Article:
• Have you ever tried to persuade someone by pulling your weight, using power to persuade, or losing your temper? It doesn’t work – even if you get what you want, you haven’t won over their hearts. I know as a parent that when I start yelling, I’ve lost the battle.

    • Paul hops between metaphors of mother (v8), father (v11).

      • His approach is one of humility, simplicity. Some manuscripts say “gentle”.

    • Paul describes his approach and his feelings as being like a nursing mother caring for her little children. Paul explains this metaphor for us, saying they shared the message with so much love they were happy to share the gospel AND their own lives. The Christians there were “dear to” Paul and Silas [it says “us”].

      • A metaphor saying that his team’s affection for other Christians is as strong as a mother’s and his devotion is as loyal.

        • As motherhood is a full-bodied experience – from childbirth, to nursing, to pouring time and energy into day-to-day nurture, so Paul’s team was willing to exert as much energy as a mother and risk their bodies for the church’s birth and nurture.

      • What does this look like for us in the church?

        • For one, this is quite a feminine image of apostolic authority. There is a tendency in Biblical interpretation for feminine images to not get as much attention because most scholars in the past have been male. Men, let passages like this give us pause, and let’s ask the women in our lives to help us understand it.

        • In observing mothers with young children, there’s a relational pacing I see. They talk at the level of the child, they make time to listen, to give time for the child to express their feelings. They empathize with the scrapes, booboos, and dirty diapers. There is an authority that comes from such authenticity and empathy (Nouwen), a respect given. Ideally, there’s an awareness a child has, “my mother understands me.”

        • I recognize that not all of us have had positive experiences with our mothers or as mothers. Because of our broken world, it can be a painful image, but Paul uses this archetype because of the profound weight of such a love as a mother’s.

        • So to use Paul’s approach when we encounter those young in faith, whether they’ve made a profession or not, we can collaborate with them in discovering the ABCs of the gospel, recognizing it might take 26 conversations for someone to get the basic alphabet of our faith. We can be patient when they stumble trying to crawl and walk with new legs of faith, picking them up, dusting them off, and encouraging them in times of relapse and discouragement. We recognize that like motherhood it takes decades to nurture someone to maturity, so we have time to enjoy the journey rather than try to rush someone’s spiritual journey.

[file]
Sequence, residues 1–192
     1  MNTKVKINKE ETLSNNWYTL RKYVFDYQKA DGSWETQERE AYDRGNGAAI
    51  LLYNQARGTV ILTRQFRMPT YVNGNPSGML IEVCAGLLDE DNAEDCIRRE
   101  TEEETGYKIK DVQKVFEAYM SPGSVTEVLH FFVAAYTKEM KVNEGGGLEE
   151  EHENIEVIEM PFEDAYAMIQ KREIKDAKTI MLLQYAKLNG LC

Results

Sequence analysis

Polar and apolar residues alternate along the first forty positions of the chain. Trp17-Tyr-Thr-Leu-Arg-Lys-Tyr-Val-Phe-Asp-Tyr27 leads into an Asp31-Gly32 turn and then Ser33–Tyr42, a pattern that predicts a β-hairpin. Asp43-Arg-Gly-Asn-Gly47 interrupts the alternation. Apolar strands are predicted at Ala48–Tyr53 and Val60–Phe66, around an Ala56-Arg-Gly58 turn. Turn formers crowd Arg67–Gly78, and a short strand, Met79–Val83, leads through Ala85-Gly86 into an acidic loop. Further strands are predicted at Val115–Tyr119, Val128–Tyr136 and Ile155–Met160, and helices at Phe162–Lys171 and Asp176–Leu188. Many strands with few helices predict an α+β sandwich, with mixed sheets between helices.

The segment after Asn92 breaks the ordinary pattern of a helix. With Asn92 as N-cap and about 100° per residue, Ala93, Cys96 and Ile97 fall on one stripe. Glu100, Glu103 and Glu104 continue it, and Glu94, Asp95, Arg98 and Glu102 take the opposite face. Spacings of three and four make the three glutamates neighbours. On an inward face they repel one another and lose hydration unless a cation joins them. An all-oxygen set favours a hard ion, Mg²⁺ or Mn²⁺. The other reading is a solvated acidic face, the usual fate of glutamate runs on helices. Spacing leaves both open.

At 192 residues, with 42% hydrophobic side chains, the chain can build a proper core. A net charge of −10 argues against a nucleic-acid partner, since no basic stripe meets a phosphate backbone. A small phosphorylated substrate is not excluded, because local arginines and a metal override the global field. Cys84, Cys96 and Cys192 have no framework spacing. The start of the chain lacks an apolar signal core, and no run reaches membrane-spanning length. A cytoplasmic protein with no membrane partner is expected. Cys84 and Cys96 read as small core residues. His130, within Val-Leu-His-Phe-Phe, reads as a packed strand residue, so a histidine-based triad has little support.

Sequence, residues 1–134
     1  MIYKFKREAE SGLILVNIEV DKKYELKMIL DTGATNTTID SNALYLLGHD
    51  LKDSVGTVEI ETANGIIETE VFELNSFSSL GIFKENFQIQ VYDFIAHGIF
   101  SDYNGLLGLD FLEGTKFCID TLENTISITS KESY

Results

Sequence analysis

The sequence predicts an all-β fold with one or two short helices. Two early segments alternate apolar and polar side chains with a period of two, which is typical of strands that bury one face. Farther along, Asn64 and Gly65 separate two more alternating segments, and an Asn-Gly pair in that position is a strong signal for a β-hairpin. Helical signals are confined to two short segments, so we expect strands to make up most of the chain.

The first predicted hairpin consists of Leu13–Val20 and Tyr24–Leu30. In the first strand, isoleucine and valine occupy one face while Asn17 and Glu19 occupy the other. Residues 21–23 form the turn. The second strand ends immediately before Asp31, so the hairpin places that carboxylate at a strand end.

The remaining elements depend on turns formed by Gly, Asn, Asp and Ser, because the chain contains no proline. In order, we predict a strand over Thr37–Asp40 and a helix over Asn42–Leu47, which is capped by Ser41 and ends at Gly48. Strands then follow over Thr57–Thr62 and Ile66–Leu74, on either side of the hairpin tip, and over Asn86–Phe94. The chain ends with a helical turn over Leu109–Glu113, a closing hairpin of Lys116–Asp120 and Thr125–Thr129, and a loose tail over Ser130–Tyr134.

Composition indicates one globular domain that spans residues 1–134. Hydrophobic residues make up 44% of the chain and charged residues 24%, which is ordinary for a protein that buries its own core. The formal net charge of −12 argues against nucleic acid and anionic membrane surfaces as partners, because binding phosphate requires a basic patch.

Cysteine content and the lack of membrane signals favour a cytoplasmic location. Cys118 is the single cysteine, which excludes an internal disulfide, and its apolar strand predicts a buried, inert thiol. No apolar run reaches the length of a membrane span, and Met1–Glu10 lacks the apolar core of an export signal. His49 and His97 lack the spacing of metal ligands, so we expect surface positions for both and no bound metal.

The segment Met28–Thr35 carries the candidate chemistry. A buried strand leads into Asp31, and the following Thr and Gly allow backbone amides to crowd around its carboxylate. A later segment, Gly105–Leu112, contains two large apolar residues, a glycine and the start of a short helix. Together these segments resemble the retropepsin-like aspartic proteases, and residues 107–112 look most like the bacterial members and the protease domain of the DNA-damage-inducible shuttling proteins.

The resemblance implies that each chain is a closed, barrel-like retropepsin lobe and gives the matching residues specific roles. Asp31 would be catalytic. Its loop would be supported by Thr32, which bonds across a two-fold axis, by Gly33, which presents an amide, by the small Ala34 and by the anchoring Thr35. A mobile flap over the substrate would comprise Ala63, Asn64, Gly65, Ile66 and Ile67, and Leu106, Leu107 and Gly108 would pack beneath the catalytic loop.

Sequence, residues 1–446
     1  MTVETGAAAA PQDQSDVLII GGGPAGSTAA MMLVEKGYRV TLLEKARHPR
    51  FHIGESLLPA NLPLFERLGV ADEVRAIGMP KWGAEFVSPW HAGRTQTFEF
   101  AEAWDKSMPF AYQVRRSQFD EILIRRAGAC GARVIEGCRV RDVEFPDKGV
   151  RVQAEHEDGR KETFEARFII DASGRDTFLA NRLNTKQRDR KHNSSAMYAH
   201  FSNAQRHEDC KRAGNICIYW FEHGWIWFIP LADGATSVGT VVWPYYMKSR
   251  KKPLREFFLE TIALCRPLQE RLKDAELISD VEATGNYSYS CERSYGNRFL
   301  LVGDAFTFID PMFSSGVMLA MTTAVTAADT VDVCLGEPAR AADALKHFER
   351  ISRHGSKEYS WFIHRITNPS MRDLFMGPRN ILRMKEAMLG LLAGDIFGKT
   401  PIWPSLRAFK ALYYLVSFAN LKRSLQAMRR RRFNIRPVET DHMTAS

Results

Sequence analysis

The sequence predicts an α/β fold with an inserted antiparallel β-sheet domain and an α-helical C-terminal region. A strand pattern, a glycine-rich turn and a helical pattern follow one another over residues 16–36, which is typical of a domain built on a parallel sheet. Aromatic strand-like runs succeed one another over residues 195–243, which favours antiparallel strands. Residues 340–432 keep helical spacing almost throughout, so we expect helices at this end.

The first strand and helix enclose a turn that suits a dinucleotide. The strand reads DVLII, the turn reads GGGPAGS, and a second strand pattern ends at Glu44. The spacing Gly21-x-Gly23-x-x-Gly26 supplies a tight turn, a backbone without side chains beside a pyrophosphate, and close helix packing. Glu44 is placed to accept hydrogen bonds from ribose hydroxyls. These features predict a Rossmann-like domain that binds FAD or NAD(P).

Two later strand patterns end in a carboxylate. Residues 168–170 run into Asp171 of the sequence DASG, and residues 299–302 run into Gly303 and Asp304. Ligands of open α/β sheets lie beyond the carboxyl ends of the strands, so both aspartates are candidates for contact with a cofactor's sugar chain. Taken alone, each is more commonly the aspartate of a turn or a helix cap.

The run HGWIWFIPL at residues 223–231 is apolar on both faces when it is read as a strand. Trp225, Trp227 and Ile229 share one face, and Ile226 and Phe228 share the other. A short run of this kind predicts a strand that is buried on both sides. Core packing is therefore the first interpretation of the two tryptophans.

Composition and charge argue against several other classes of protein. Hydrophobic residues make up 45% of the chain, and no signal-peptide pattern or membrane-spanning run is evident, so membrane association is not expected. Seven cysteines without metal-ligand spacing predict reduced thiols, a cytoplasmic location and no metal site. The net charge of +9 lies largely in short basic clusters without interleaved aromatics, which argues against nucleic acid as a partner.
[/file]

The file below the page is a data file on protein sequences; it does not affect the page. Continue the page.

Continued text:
• This ties in to the first point about revering God and being entrusted with the Gospel, the best reverence of God’s good news is to convey it in love! God’s coming in Christ is based on his love (Jn 3:16). Our approach to people as a church must start and end with love.

        • If we serve in Egan, clean dishes after Men’s breakfast, glue crafts with the children, or teach a class with great erudition, but don’t do it in love, we’re just a noisy gong. We still have room to grow. “Missions is an expression of love” (Newbigin, 127)

        • Thus, it also means that when we encounter people who don’t understand, or disagree, or embrace ideas we strongly oppose, there is no room to see them as enemies, luddites or idiots. We are called to pray for them, that they would be brought to see God’s perspective (not ours). We are called to be willing to pour out our lives for them – to inconvenience ourselves, go the extra mile, stick with them through thick and thin. We’ve all said dumb things to our mothers. They didn’t leave because of it. How many of us left a church or were tempted to leave because of dumb stuff, or dumb people?

        • Linus from the Peanuts says in one comic, “I love mankind, it’s people I can’t stand.” In contrast to this is Paul’s description of motherly Apostolic leadership.

        • It’s straight from Jesus, “You know that the rulers of the Gentiles lord it over them, and their great ones exercise authority over them. It shall not be so among you. But whoever would be great among you must be your servant, and whoever would be first among you must be your slave, even as the Son of Man came not to be served but to serve, and to give his life as a ransom for many.” (Matthew 20:25–28 ESV)

      • What would the Reformation have been like if the Roman Catholic Church took this approach to Luther? Instead of excommunication, what if leadership made time to nurture mutual faith and understanding in a spirit of self-sacrificial love? What if they sat down and opened their Bibles together, prayed and fasted together, and fought for unity? And what if this happened with every Protestant division since then? Would the Swedish Lutherans and Congregationalists (our denominational roots) have even divided? Would we Protestants have as much to “protest” about?


Am I too idealistic? Or can we accurately say that every division in the church is the byproduct of our sin, lack of Christ-like love, and impatience? How Paul’s example challenges us! Yet how beautiful it is! When we engage with people spiritually, reverence and love are the first steps. Imagine discipleship in the pattern of the Runaway Bunny.1 When people are running away from God, they run into God’s people filled with His Spirit who show deep love for them and deep awe for God and his message. Let us pray that we can emulate Paul’s pattern here in Eugene.

1 Note: The book The Runaway Bunny by Margaret Wise Brown and Clement Hurd was read to the children (and adults) during the children’s message before this sermon.